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Old 12-06-22, 12:27 PM
  #46  
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I appreciate everyone's input. It has helped me think through my options and evaluate my needs with the way I use a pump. A compelling argument can be made for either a good floor pump or a small compressor, and they are definitely valid options - maybe even better options in some ways. However, I haven't come across anything that tells me a cordless inflator is a poor choice. Maybe I'll find that it was a mistake. Maybe not.

EDIT: Inflator and presta chuck ordered. Worst case scenario...Inflator idea doesn't pan out (inaccurate/inconsistent pressures, too noisy, and/or unable to provide sufficient pressure for tubeless booster), and it gets added to the rest of the cordless tool family to be used for other airy purposes. Silca chuck gets installed on the new floor pump that I would probably get to serve my inflation needs.

Last edited by Eric F; 12-07-22 at 01:08 PM.
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Old 12-08-22, 12:20 PM
  #47  
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First test with the Ridgid inflator...I topped off my MTB and road bike tires using the thread-on presta adapter that came with the inflator. As designed, it stopped automatically at the pre-set pressure, and a double-check with a separate gauge confirmed that the inflator is accurate enough. I was very pleased at how quickly it got the job done for both tires. Using the adapter is kind of irritating, and the schrader fitting on the hose is a little odd, but those issues will be remedied with the Silca presta chuck that is on the way to me. The one downside that is immediately apparent is the noise. It shouldn't be a big deal for my needs, since it will mostly be used in a detached garage, but it could be a concern for others considering this option.
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Old 12-08-22, 12:52 PM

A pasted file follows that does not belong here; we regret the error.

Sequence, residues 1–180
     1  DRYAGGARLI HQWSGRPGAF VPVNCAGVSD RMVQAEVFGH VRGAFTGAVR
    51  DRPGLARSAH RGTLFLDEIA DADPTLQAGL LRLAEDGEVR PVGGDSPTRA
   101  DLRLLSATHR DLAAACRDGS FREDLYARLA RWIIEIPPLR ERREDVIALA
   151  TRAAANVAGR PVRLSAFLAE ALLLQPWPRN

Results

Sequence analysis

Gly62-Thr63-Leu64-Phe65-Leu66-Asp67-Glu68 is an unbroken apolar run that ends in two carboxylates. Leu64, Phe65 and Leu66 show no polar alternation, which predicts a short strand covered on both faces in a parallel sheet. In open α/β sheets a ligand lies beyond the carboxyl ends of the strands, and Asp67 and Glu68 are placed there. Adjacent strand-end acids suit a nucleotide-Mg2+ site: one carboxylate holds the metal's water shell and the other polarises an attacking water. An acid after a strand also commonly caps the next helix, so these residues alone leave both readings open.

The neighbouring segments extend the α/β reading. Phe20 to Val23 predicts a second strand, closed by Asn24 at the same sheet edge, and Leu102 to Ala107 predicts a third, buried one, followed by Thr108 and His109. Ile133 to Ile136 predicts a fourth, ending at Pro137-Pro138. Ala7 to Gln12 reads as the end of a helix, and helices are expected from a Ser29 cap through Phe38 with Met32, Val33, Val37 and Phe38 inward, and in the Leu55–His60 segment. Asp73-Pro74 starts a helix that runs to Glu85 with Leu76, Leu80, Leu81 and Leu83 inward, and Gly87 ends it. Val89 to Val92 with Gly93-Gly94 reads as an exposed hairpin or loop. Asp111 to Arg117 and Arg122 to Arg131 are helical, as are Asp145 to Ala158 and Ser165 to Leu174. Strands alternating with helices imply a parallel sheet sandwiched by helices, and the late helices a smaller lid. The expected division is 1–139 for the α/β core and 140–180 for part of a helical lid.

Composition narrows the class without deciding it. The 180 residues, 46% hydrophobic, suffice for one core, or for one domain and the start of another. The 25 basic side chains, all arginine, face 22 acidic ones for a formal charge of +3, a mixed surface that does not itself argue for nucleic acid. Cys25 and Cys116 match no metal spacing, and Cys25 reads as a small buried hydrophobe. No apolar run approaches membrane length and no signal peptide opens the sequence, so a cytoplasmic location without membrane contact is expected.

#48  
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Originally Posted by Eric F View Post
but those issues will be remedied with the Silca presta chuck that is on the way to me.
I love my Hiro. You said you had an affinity for well-made simple devices, and this is definitely one. It's appropriate that the picture you posted makes it look like a tiny work of art. It is. But its function is flawless.

(Just FYI--the chuck's rubber insert has to be "pre-loaded" using he screw on face of the chuck to get it to seal with a squeeze of the lever. If it's not pre-loaded correctly, it can slip off. Pre-loading only entail screwing the face on tighter or looser, depending on what you need. By the sound of the term, I thought it was something more complicated).
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Old 12-08-22, 01:01 PM
  #49  
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Originally Posted by smd4 View Post
I love my Hiro. You said you had an affinity for well-made simple devices, and this is definitely one. It's appropriate that the picture you posted makes it look like a tiny work of art. It is. But its function is flawless.

(Just FYI--the chuck's rubber insert has to be "pre-loaded" using he screw on face of the chuck to get it to seal with a squeeze of the lever. If it's not pre-loaded correctly, it can slip off. Pre-loading only entail screwing the face on tighter or looser, depending on what you need. By the sound of the term, I thought it was something more complicated).
Cool. Good to know. Even if the cordless inflator doesn't work out, I figure the Hiro will get used on whatever other device I use.
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Old 12-09-22, 11:01 AM
  #50  
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I assume these hand held compressors are loud. I'm always pumping tires before early morning rides and that's a deal killer.

I went the splurge direction and bought a Silca Superpista Digital with the Hiro chuck. Yes, it's $349 but it's basically perfect, I use it daily in season and it will never wear out. Perhaps unnecessary, but it's nice to use something so well made.

Every bike I have is tubeless. For seating tubeless tires, I bought a generic 6 gal compressor and a Prestaflator Pro. This setup was less than $200 total and will seat anything from a road tire to a fatbike tire instantly. Use this setup a few times and it pays for itself vs going to a shop.